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Great Man's Compliments

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While it is well known that Daniel Webster, in speaking of General Taylor's candidacy for the office of president, pronounced it "a nomination not fit to be made," he never failed to do justioe to the general's military abilities and eminent service in the field. On one occasion he paid the old soldier a delicate and well deserved compliment. General Taylorwas complaining of the crowds of people who daily besieged him soon after his accession to the presidency. "They interfere, " he said, "with my official engagements and viólate my domestic retirement, but still 1 do not wish to turn my back npon my f rienda. " "You never did npon your enemies, general," Mr. Webster instantly replied. A compliment of another sort, and more surprising, considering its sonrce, was one given by Mr. Webster, though the object of it was not present to hear. Some one was speaking of the remarkably beautiful eyes of a handsome woman, and one yonng enthusiast said, "They remind me, with their long, dark eyelashes, of artillery in ambuscade." "They should rather be compared to heat lightniug," said another. "Not so, " put in Mr. Webster, with a perfectly grave face, "for you must certainlv be aware. mv ñcur kít t.ha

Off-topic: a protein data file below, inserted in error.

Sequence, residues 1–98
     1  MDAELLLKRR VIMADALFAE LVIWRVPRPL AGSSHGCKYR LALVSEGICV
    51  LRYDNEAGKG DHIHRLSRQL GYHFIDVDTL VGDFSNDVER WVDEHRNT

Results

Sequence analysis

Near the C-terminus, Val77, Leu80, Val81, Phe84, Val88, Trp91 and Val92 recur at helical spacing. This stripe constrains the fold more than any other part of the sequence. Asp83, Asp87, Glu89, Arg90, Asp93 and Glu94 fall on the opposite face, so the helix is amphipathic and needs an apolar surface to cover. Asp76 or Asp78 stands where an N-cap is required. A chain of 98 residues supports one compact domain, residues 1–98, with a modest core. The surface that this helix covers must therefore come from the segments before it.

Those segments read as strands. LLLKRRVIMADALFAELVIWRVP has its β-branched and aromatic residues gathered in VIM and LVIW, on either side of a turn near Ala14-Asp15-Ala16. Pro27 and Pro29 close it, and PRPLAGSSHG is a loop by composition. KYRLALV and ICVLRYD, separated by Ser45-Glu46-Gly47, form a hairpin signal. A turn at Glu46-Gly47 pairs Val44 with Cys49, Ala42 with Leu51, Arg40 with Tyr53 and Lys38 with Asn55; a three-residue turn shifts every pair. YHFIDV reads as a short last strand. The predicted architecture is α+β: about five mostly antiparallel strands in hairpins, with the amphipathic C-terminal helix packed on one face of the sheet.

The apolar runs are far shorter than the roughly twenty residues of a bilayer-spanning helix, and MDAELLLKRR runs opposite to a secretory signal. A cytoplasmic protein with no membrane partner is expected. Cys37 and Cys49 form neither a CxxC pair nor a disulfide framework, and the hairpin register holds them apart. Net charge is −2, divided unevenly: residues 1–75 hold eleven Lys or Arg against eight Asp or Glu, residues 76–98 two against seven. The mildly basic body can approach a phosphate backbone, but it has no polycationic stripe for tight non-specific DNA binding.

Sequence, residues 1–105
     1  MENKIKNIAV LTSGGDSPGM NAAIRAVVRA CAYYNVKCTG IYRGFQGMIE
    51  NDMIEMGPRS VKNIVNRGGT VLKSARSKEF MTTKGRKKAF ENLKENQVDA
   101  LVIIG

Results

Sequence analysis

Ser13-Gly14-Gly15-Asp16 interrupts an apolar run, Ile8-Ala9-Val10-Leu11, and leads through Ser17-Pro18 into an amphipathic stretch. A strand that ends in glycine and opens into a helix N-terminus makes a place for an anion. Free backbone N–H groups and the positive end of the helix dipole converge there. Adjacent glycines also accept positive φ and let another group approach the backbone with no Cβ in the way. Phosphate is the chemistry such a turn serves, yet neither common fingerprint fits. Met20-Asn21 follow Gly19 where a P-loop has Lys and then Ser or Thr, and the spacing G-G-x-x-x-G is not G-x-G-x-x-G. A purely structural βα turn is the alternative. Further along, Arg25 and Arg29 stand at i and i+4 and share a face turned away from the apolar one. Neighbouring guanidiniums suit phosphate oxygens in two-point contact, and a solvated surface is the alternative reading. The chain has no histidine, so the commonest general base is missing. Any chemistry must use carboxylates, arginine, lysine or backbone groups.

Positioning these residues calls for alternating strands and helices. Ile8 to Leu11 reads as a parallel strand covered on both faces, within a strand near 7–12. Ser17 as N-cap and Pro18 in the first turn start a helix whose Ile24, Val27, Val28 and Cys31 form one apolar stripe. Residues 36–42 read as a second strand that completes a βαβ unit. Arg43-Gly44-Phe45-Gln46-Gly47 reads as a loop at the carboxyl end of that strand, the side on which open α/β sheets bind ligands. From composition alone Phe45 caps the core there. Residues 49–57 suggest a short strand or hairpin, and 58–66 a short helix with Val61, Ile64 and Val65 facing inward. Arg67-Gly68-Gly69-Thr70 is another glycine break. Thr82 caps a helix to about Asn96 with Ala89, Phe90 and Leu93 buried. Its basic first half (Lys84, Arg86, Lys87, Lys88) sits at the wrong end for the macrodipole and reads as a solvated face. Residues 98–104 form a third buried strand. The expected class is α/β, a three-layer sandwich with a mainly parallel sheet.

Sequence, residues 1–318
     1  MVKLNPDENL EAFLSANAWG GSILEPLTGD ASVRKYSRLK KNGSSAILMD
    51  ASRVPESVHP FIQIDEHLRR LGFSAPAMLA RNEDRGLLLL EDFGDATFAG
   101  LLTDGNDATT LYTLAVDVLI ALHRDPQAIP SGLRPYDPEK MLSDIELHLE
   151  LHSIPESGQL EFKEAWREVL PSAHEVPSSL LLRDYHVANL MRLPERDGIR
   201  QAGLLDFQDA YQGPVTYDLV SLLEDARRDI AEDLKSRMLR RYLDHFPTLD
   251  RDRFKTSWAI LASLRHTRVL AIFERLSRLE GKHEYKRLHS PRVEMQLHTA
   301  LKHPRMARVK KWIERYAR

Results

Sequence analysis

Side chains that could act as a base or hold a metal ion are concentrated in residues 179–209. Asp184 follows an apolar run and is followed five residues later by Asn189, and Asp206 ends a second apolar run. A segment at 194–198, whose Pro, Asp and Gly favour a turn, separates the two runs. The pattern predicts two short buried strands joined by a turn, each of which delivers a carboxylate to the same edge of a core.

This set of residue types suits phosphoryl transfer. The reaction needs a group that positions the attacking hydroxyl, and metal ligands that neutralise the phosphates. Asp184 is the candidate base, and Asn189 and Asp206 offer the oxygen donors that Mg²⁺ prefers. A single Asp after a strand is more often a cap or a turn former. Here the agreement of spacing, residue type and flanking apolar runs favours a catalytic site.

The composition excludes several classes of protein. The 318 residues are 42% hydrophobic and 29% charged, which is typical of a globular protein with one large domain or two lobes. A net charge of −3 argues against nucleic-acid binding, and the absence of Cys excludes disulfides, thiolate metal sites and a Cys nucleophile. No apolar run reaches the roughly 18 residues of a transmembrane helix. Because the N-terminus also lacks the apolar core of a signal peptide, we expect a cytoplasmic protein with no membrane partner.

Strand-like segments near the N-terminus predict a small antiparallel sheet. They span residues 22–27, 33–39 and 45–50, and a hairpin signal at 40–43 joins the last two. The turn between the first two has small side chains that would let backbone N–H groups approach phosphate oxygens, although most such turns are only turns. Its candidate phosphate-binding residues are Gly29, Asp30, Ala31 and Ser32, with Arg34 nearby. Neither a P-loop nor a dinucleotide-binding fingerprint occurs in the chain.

Ann Arbor Argus
Old News